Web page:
Most people live by inductive reasoning scientific thinking, and those who don't are typically though of as mentally handicapped or insane. Children do it naturally. Watch a child with some new object... a rubber ball for instance. They will drop it, watch it bounce, and as soon as their parent fetches it, do it again. They may do this hundreds of times. In the process, they learn about things falling and bouncing and that mom will continue to pick the ball up only so many times. Science, no matter how impenetrable it can get for the laymen, is always based around the same basic philosophical underpinnings.
posted by phrontist at 8:35 PM on May 14, 2007


Science is concerned with predicting and describing natural phenomena.

Philosophy is concerned with explaining human value.

The main tool in science is Francis Bacon's scientific method.

The main tool in philosophy is Aristotle’s logic.
posted by ewkpates at 3:38 AM on May 15, 2007


I would say yes and no. Science is a philosophy because it's an organized way of understanding the world. Philosophy isn't a science because it doesn't follow the scientific method.
posted by dagnyscott at 5:11 AM on May 15, 2007


In a crude way, I would say yes. If you consider philosophial matters highly opinionated, then yes, science is all about opinion.

A scientific conclusion is based on a set of circumstances or a backlog of data that is "accepted" as true in order for xyz to be therefore true. The acceptance of that other information is an opinion of the credibility of the source. If you see a ball and it is red, your opinion of your eyes as a credible source is that the ball is, yes, red. However, if you are of the mind that since the color of red may actually be only the certain band of light known as red and that the ball does not absorb red and merely reflects it, you might conclude that the ball is therefore all colors but red.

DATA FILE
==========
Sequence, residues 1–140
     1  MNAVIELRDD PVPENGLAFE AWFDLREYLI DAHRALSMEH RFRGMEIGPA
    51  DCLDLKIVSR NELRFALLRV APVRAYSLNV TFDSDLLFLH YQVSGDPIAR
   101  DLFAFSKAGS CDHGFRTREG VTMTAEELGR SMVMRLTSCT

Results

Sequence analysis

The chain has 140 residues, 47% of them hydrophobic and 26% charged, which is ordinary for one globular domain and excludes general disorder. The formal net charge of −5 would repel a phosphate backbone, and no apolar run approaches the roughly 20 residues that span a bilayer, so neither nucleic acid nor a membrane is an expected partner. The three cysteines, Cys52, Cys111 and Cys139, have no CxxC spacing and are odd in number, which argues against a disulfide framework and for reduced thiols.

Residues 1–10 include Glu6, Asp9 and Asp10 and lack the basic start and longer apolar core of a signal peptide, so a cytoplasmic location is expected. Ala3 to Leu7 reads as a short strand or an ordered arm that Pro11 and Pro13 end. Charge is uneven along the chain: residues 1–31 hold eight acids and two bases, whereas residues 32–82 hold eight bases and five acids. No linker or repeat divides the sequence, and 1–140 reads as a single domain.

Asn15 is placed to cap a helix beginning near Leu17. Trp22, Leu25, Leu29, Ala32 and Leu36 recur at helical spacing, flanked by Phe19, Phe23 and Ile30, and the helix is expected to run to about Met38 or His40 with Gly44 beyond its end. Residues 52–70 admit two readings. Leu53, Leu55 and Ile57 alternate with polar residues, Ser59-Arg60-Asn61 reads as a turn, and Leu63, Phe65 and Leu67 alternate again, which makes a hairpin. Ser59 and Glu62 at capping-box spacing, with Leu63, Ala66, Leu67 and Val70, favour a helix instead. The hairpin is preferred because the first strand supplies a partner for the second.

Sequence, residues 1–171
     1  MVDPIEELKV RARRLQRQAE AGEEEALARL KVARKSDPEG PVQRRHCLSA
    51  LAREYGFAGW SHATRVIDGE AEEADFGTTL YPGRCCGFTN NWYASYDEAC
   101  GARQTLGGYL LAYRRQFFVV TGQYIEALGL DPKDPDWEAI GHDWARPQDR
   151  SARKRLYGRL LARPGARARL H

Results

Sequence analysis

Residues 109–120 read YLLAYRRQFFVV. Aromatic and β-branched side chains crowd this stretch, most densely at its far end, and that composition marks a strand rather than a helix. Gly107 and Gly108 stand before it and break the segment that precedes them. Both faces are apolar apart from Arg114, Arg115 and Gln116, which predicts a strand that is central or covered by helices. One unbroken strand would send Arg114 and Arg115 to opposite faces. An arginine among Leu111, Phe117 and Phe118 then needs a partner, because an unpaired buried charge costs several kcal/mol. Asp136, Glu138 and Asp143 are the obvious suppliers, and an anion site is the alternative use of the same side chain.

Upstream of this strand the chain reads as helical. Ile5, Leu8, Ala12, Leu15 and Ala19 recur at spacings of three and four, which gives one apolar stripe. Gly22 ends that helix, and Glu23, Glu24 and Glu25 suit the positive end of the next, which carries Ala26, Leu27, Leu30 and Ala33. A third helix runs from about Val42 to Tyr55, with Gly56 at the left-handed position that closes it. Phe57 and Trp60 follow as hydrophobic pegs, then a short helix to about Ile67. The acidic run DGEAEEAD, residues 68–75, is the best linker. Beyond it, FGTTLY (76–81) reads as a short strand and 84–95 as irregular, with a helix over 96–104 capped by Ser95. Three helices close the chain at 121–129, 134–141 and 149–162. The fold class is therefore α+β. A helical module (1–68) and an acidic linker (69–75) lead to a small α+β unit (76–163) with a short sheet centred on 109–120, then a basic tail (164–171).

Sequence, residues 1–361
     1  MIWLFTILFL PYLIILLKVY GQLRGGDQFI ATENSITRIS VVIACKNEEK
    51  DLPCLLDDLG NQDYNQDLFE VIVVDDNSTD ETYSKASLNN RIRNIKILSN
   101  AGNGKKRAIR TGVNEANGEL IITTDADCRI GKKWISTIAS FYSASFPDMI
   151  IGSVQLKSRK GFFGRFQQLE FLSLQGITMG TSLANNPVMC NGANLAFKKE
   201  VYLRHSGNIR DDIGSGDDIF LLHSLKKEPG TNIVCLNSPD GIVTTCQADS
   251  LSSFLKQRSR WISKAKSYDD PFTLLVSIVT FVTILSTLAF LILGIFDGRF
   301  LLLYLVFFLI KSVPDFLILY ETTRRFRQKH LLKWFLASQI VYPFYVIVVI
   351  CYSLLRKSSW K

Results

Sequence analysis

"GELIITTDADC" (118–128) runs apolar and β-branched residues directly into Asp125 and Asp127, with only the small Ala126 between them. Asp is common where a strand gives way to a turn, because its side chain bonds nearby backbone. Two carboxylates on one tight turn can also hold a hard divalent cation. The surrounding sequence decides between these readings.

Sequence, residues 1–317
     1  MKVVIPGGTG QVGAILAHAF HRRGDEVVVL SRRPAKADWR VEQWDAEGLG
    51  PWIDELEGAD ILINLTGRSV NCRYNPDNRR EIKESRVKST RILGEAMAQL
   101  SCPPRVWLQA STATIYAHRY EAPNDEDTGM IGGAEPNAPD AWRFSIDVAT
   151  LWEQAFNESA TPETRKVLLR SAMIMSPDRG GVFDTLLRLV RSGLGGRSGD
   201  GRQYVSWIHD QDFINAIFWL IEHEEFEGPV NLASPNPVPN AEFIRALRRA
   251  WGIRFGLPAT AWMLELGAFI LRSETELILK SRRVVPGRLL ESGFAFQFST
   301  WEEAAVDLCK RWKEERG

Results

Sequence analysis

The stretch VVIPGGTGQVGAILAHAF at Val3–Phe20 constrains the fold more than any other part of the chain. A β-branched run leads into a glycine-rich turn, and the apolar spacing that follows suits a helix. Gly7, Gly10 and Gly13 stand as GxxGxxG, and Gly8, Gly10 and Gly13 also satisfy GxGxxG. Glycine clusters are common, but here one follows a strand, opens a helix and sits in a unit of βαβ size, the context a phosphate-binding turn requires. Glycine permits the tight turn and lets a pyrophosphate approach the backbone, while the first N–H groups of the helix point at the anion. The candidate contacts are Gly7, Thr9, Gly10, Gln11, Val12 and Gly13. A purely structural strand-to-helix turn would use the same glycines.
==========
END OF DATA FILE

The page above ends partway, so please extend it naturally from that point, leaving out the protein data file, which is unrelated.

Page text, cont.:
The imposition to "prove God exists without using the bible" demands use of a different set of evidence outside the standard required evidence from which the conclusion is foremostly drawn, such as demanding that "Prove that Abraham Lincoln was assassinated using only triangles. In Swahili. Yesterday. Aha! You can't!"

If I were to ask you whether 11 plus 11 equaled 22, your response being yes, I would have to call you a nincompoop for not having "correctly" calculated the problem using my unspecified-but-implied condition of the issue being in Base-8. Science is a conclusion based on the opinion of the credibility of the source material backing up the evidence around which the conclusion is contexted.

The scientific method requires assumption/opinion of the credibility of a source in order to be accepted. And the tenet to assign credibility to a given set of scientists/texts/etc is a personal philosophy.
posted by Quarter Pincher at 7:50 AM on May 15, 2007


This question is too ambiguous; I don't know what you mean by "science" and I don't know what you mean by "philosophy". This is the main reason why you are getting answers ranging from "yes" to "kinda" to "no" for both questions.

Define your terms. To what do you understand "science" and "philosophy" to refer?
posted by Kwine at 1:20 PM on May 15, 2007


I just finished this and if you're asking this question I think you'll find the course fascinating. Check your local library or email me.
posted by ac at 3:55 AM on May 16, 2007